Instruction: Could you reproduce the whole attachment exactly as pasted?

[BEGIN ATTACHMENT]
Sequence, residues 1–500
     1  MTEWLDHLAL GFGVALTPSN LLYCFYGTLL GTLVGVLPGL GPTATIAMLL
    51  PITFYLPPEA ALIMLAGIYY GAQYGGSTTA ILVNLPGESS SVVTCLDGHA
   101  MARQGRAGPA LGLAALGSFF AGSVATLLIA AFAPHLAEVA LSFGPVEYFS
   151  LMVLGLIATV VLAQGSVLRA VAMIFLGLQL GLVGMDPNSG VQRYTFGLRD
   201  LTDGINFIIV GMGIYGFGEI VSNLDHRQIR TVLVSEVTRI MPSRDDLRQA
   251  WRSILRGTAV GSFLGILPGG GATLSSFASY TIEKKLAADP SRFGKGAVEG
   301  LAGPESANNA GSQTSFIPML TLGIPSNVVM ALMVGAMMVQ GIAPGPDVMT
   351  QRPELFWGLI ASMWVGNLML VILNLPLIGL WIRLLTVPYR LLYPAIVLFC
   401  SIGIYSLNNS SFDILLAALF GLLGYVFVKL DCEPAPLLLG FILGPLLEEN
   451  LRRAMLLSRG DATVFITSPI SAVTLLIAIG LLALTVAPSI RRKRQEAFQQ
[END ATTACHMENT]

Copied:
Sequence, residues 1–500
     1  MTEWLDHLAL GFGVALTPSN LLYCFYGTLL GTLVGVLPGL GPTATIAMLL
    51  PITFYLPPEA ALIMLAGIYY GAQYGGSTTA ILVNLPGESS SVVTCLDGHA
   101  MARQGRAGPA LGLAALGSFF AGSVATLLIA AFAPHLAEVA LSFGPVEYFS
   151  LMVLGLIATV VLAQGSVLRA VAMIFLGLQL GLVGMDPNSG VQRYTFGLRD
   201  LTDGINFIIV GMGIYGFGEI VSNLDHRQIR TVLVSEVTRI MPSRDDLRQA
   251  WRSILRGTAV GSFLGILPGG GATLSSFASY TIEKKLAADP SRFGKGAVEG
   301  LAGPESANNA GSQTSFIPML TLGIPSNVVM ALMVGAMMVQ GIAPGPDVMT
   351  QRPELFWGLI ASMWVGNLML VILNLPLIGL WIRLLTVPYR LLYPAIVLFC
   401  SIGIYSLNNS SFDILLAALF GLLGYVFVKL DCEPAPLLLG FILGPLLEEN
   451  LRRAMLLSRG DATVFITSPI SAVTLLIAIG LLALTVAPSI RRKRQEAFQQ